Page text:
Five Ways to Lengthen your TOEFL Sentences

These five ways to lengthen your TOEFL sentences will help to improve your speaking and writing proficiency.

Five Ways to Lengthen your TOEFL Sentences

 

Why do I need to lengthen my sentences during the speaking and writing sections of the TOEFL exam?

  • During the speaking and writing sections of the TOEFL exam, you will be judged on your language use. Speech rater, an artificial intelligence that evaluates your TOEFL speaking tasks, will closely scrutinize your sentence structure and grammar. E-rater, Educational Testing Service’s artificial intelligence, will make similar judgments about your writing.
  • In either case, too many 10 to 20-word sentences will indicate to these scoring engines that you are using mostly basic grammar and sentence structure as you complete your speaking and writing tasks.
  • Therefore, lengthening your sentences to 20 to 30 words will show both the scoring engines and the iBT human raters that you have advanced grammar and sentence structure.

What are the five ways to lengthen my TOEFL sentences?

Below are five types of sentence structures that will help you to increase the length of your TOEFL sentences:

  • Introductory prepositional and infinitive phrases
  • Complex sentences with introductory and post-nominal clauses
  • Appositives
  • Present and past participial phrases
  • Adjective, Noun, and Adverb clauses at the end of the sentence

Five Ways to Lengthen your TOEFL Sentences: Introductory prepositional and infinitive phrases

Prepositional phrases consist of a preposition and a noun phrase.  They can be placed at the beginning of a sentence. In some cases, these prepositional phrases are restrictive and should not be followed by commas. In other cases, however, prepositional phrases are non-restrictive and should be followed by commas.

  • Restrictive introductory prepositional phrase: Next to the meandering river in the hidden wilderness was an old log that was worn from many years of weathering from the harmful rays of the sun.
  • Non-restrictive introductory prepositional phrase: At the bank last week, I deposited several thousand dollars from the paychecks I had received from my sales efforts with Toyota, with which I have worked for more than 25 years.

A restrictive prepositional phrase is needed to complete the grammar/meaning of the sentence. A non-restrictive prepositional phrase, on the other hand, can be removed from the sentence without disrupting the grammar or without any loss of meaning.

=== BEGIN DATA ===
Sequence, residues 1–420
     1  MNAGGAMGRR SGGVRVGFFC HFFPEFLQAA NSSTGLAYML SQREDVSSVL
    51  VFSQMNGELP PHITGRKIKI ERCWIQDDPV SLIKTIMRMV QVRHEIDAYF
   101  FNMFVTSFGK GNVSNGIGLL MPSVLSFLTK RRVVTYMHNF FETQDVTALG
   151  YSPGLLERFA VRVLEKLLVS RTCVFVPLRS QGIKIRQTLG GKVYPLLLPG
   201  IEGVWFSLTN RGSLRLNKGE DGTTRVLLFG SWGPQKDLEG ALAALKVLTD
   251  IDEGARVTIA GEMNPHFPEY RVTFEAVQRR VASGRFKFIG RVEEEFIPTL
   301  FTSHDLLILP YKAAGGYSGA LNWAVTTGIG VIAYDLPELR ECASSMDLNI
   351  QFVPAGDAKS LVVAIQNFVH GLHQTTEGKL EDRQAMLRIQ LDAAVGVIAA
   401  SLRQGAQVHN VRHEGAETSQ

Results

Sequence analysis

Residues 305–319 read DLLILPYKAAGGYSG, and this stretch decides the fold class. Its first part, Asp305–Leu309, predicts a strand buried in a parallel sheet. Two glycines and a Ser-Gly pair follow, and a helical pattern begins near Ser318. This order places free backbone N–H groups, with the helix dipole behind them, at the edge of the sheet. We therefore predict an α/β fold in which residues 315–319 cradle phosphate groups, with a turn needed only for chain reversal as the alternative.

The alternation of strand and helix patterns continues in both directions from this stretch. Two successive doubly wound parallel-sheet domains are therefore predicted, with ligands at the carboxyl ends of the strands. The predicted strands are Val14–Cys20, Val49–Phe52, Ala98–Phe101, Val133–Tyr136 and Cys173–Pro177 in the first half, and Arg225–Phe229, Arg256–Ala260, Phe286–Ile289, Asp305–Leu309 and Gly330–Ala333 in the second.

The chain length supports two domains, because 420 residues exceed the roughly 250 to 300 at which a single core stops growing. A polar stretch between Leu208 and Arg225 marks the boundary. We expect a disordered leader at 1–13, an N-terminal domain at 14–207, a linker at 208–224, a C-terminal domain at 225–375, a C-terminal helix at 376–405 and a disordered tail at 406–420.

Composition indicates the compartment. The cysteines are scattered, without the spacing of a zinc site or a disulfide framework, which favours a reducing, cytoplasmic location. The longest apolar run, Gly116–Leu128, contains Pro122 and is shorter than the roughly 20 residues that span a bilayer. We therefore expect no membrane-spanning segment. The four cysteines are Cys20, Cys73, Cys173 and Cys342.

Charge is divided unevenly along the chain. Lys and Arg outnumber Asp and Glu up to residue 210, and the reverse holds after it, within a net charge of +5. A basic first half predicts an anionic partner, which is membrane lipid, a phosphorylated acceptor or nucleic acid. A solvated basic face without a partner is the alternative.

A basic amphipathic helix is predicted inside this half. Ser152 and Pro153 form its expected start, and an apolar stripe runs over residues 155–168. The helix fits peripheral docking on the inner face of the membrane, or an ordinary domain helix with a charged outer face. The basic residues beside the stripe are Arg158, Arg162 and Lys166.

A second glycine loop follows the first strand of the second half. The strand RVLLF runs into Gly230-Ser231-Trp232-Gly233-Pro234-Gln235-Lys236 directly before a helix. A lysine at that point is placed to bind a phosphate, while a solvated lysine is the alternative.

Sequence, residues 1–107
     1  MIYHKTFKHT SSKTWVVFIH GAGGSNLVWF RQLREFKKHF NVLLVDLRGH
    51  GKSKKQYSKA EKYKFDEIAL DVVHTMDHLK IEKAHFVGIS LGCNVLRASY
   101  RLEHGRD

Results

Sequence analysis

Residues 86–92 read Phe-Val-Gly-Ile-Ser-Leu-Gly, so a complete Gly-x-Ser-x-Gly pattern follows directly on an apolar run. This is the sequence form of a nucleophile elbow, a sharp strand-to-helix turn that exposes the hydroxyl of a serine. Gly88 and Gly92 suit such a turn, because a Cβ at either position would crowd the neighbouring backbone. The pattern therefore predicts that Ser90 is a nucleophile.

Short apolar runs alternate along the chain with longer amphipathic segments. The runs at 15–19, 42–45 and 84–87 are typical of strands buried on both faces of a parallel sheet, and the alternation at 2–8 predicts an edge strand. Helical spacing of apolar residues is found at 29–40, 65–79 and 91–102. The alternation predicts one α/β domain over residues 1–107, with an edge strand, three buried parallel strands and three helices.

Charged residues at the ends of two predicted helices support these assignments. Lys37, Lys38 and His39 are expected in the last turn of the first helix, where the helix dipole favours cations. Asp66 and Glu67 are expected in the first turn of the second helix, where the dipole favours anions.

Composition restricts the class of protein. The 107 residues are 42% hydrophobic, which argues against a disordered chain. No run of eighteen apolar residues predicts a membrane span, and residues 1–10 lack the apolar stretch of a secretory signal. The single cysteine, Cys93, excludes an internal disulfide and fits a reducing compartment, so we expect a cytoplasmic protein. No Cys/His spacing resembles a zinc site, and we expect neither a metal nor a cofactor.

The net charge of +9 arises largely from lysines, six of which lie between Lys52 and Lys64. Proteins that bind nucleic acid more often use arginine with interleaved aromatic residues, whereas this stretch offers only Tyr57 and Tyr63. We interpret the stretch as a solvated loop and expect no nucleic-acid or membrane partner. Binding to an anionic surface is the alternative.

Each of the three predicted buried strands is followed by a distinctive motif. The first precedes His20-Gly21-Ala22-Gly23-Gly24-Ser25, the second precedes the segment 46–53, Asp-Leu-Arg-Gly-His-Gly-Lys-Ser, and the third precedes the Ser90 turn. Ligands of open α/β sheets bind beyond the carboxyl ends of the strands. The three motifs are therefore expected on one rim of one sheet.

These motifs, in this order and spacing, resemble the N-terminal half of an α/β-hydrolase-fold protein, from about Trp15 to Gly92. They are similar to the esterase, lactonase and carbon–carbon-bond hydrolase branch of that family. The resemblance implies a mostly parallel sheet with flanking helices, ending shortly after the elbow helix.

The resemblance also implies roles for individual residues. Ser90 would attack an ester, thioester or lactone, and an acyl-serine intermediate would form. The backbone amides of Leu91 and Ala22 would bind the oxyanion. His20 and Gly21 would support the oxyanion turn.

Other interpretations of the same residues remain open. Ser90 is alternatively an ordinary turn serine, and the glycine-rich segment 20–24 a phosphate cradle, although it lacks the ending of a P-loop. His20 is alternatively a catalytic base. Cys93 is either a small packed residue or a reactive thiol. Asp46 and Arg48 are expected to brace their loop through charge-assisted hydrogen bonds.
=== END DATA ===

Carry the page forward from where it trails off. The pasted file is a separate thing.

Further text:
Complex sentences with introductory and post-nominal adjective, adverb, and adjective clauses

Noun and adverb clauses can occur in the beginning and at the end of the sentence. In these cases, a comma is placed after introductory adverb clauses. In contrast, no comma is needed with introductory noun clauses. However, commas are usually not needed when dependent clauses occur at the end of sentences.

  • Introductory adverb clauseAlthough the students needed more time to complete their research projects, the professor refused to grant them an extension.
  • Introductory noun clause: That several students missed the final exam concerned the professor since they would all fail the course.
  • Post-nominal adjective clause: Last week, after I completed my homework in my physics class, I went to Los Angeles and visited Thomas Reigns, who was my roommate last year when I was attending UCLA.
  • Post-nominal adverb clause: Many cities in the United States are enacting laws to combat climate change because greenhouse gases are causing global warming.
  • Post-nominal noun clause:  The professor made it mandatory that all attending students complete the final research project before the deadline.

Appositives

Appositives are noun phrases that modify other noun phrases. These adjectival modifiers can occur directly after or before the nouns they modify. A comma(s) usually accompanies these grammar structures.

  • An appositive at the beginning: A student of integrity, respect, and intelligence, English major Rika Tuniko won the praise of faculty, staff, and fellow classmates after her powerful presentation on race and equity.
  • An appositive after the subject: Several students, all residents of San Bernardino, were invited to attend the White House in which United States president Joe Biden honored them for their contributions to green energy and climate change
  • An appositive after the object: Two years ago, I participated in the Carlsbad 5000, a 5K race attended by more than 30,000 runners.

Present and past participial phrases

Present and past participial phrases act as adjectives.  Therefore, they modify nouns.  These adjectival phrases can be placed in various parts of the sentence directly after or before the nouns they modify.

  • Present participial phrase at the beginning: Having waited for more than three hours, the student was finally able to discuss her grade with the professor.
  • Past participial phrases after the subject:  The Apple Smartphone, broken after being dropped repeated by the user, will need to be replaced.

Compound sentences with the FANBOYS

Creating compound sentences essentially doubles the length of a sentence. To create, this type of sentence, you need to connect two independent clauses together using one of the FANBOYS:

  • For
  • And
  • Nor
  • But
  • Or
  • Yet
  • So

Below are examples of two compound sentences.

  • Compound sentence using “for“:  Most students taking the TOEFL iBT registered at least one month in advance, for they want to make sure they will be guaranteed a seat during the exam.
  • Compound sentence using “but”: Becoming familiar with TOEFL test-taking skills and strategies is important, but students also need to concentrate on improving their academic English language proficiency if they want to get a higher score.

Michael Buckhoffmbuckhoff@aol.com

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